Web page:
Tuesday, July 9, 2013

Book Review: The True Story of the 3 Little Pigs by Jon Scieszka

Stars: 5 out of 5
Pros: Fun alternative take on a story we all know
Cons: A few of the illustrations are different, but it's minor
The Bottom Line
Familiar story
Told from different view point
In very fun book




Setting the News Media Straight

I love reading alternative tales.  When well done, the author can provide a plausible reason for the events we know to have taken place with a different back story.  And that's the case with The True Story of the 3 Little Pigs.

It turns out that the story we thought we knew about the three little pigs was all wrong.  And finally Alexander Wolf is getting a chance to set the record straight.  He's not that bad a guy.  In fact, on the day in question, he just wanted to borrow some sugar for his grandmother's birthday cake.  Unfortunately, he had a really bad sneezing cold.  And what was he supposed to do when he found a dead pig in the rubble of that first house?

The story is actually told first person, which is something you don't see too often in picture books.  I found that fun.  And it allows us to get to know the wolf, the only real character of the book.  He does a good job of explaining his actions and reactions, and he makes a convincing case for why he is innocent of the charges of terrorizing and killing the pigs (while still eating them, of course).

And that makes the book very funny.  If you just take it as it is, you'll be laughing at just how he justifies himself.

The illustrations by Lane Smith are interesting.  They certainly compliment the text and help tell the story, but a few of them are at some different angles than you would normally expect.  You can always tell what they are, and they mix realistic with cartoon elements quite well to tell the story.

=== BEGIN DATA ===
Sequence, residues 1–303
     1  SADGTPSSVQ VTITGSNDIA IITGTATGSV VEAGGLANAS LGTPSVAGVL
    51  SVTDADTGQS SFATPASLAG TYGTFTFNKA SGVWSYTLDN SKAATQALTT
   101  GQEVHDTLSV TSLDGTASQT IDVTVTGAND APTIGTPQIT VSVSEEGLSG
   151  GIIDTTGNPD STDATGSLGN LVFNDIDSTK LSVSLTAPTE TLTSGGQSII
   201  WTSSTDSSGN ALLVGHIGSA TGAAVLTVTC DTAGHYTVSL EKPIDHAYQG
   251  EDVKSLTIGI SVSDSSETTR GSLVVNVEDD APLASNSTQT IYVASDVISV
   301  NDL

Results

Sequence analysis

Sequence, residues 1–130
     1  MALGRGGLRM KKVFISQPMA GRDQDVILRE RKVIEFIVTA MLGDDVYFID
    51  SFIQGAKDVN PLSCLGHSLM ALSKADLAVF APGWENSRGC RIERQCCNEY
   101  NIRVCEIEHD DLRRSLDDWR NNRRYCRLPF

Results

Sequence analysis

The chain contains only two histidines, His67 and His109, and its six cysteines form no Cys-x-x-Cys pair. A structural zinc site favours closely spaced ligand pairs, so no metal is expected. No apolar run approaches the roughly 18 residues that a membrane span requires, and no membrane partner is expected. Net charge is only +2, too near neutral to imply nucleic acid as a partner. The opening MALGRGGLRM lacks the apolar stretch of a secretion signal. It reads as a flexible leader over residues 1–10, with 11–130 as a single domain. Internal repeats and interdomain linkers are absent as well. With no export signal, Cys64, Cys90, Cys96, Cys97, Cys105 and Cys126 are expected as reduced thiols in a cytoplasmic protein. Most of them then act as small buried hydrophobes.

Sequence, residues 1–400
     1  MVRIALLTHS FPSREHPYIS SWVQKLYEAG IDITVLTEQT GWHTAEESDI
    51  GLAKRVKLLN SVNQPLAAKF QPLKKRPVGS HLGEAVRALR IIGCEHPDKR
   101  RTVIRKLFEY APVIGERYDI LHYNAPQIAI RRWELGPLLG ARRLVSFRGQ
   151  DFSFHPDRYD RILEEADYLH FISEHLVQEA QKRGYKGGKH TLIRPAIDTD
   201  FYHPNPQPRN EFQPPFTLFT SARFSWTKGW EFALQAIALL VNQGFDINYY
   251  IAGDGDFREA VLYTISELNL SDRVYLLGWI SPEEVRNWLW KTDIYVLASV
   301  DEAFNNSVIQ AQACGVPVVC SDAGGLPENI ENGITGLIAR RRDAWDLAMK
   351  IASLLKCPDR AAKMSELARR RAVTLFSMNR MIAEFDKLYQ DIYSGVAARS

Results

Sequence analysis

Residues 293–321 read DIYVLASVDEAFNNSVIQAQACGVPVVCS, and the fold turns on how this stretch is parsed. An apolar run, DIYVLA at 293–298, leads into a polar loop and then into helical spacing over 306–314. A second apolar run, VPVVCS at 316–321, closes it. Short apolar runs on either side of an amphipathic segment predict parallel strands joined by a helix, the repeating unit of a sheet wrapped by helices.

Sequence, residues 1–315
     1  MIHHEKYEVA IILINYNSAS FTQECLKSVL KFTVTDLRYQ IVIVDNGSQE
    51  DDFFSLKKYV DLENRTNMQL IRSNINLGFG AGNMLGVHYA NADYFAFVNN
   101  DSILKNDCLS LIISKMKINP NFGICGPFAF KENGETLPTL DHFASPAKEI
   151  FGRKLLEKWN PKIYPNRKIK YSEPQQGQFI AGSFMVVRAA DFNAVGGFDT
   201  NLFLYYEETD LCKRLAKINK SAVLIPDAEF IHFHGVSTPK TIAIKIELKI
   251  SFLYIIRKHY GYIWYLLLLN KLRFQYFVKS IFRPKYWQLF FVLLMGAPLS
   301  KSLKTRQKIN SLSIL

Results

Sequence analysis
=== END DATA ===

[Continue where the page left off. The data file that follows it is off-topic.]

Of course, if you want to take the story a bit further, there are some lessons here.  We've got two sides to every story, since Alexander's version of the story is so different from the one we all know.  Could he be innocent or is he lying through his wolf teeth?  And he blames reporters for sensationalizing the story to sell more papers.  That one will certainly go over the heads of the young kids who are the target audience of the book, but they will see the first lesson easily.

Speaking of kids, each page has a sentence or two on it, so this doesn't take that long to read.  You can polish it off in just a few minutes.  While not an official easy reader, I think many kids could get through this one with help as there are very few challenging words in the text.

Ultimately, lessons aside, this is a fun book that kids and adults will get a kick out of reading.  And you'll finally know The True Story of the 3 Little Pigs.

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